Mobile banking is becoming mainstream, Open Banking has become a global phenomenon in just a few years and PSD2 is already driving innovation in the financial sector. All of this has only been possible in the context of a digitalised financial world. Do we even have to talk about digitalisation in banking anymore? Our answer is simple: absolutely! But why so?
Many of the digital developments reflect a rapid response to customer demand for digital offerings. However, they have little to do with sustainable development, genuine availability and the necessary quality of digitalisation in banking. Nevertheless, this is not a lecture about digital transformation in banking. Using real challenges as examples, this blog post will show how banking can meet customer demands for digitalisation and embrace digital transformation both internally and externally.
1. Challenge: Digital Frontend, Analogue Backend
Meeting customer expectations is important, but even in banking it’s not just a matter of adding a “digital” coat to the business model. Although many services look digital at the moment, they are actually processed manually in the background. As a result, there is a deep gulf between what the customer sees and the actual goal of digitalisation initiatives.
To ensure long-term success in a digital world, financial institutions must introduce digitalised business models. Those that do not will incur mounting costs as all processes with low levels of digitalisation have to be handled by employees. A lack of end-to-end digitalisation ends up affecting customers and leads to negative customer experiences and higher operating costs.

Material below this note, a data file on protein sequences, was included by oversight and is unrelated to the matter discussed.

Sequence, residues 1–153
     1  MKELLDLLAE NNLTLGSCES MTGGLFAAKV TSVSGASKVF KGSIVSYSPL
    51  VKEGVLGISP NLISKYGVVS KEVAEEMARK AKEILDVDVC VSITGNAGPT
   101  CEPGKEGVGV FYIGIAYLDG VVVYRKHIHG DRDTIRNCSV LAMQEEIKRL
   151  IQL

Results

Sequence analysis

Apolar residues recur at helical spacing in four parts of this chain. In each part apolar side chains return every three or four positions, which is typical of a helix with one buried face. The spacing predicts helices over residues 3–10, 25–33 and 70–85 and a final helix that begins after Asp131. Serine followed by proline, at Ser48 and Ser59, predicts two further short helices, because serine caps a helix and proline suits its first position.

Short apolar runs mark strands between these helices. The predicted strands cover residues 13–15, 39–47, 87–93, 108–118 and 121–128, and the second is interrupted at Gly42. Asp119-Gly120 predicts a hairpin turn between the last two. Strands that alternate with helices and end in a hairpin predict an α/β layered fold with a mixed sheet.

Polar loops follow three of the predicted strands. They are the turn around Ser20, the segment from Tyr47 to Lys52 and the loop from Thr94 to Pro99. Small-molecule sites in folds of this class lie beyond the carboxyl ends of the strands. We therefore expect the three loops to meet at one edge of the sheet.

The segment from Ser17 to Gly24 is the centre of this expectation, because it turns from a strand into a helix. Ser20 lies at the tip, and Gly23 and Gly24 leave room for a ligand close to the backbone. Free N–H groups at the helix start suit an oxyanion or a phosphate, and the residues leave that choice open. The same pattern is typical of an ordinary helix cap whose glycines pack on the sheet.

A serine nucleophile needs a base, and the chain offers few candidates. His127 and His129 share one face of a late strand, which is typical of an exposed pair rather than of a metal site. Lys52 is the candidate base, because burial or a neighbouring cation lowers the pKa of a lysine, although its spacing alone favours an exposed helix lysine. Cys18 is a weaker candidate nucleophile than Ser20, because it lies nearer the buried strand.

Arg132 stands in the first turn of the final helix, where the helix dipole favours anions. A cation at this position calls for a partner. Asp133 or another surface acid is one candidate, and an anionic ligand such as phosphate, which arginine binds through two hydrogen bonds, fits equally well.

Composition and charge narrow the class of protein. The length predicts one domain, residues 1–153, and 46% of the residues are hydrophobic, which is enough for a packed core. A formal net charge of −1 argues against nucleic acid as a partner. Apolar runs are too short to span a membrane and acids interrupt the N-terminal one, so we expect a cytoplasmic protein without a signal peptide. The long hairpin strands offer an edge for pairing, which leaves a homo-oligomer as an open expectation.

Solution: Fully Digital Solutions for Bank Customers and Employees
It is not possible to switch from non-digital or partially digital services to a fully digital range of services overnight. This is why companies across all industries like to use plug & play solutions that can be introduced quickly and easily. The comparatively low effort required enables digital solutions to be implemented in all departments across the entire organisation.
The big difference: Suitable plug & play solutions for the financial sector not only make the frontends of applications appear digital; they also digitalise and automate far-reaching processes. This digitalises the complete customer experience, minimises costs as well as simplifies and improves internal processes for employees.
2. Challenge: Digital Services Available, But Are Too Slow and Monotonous
In 2020, practically every bank already has a repertoire of digital banking offerings online. However, few offer their customers a truly comprehensive range of products and services. In fact, particularly complex products are rarely available online. Innovative banking services such as digital contract managers or tailor-made loans are only offered by institutions with the highest digital banking index across the EU.
Digitally savvy customers expect more: 63 percent of the customers surveyed in the ING New Technologies Survey 2019 want financial service providers to offer a comprehensive online service and the latest technologies for finance management. They want to purchase their products online and on their mobiles, seamlessly and in real time.
Solution: Increased Customer Focus with White-Label Banking
Instead of investing lots of time and money into developing a wide range of products, an increasing number of financial institutions are turning to third-party solutions. However, this often results in a loss of customer confidence and brand value - the major advantages of established providers.
Sophisticated white-label banking products can help here! Developed by experienced technology and digitalisation experts, they are fully functional and use the latest technologies. What’s more, they appear in the name and design of the provider. The customer’s desire for innovative, digital banking products is thus fulfilled, without the need for in-house development and yet with a lot of added value for the respective brand.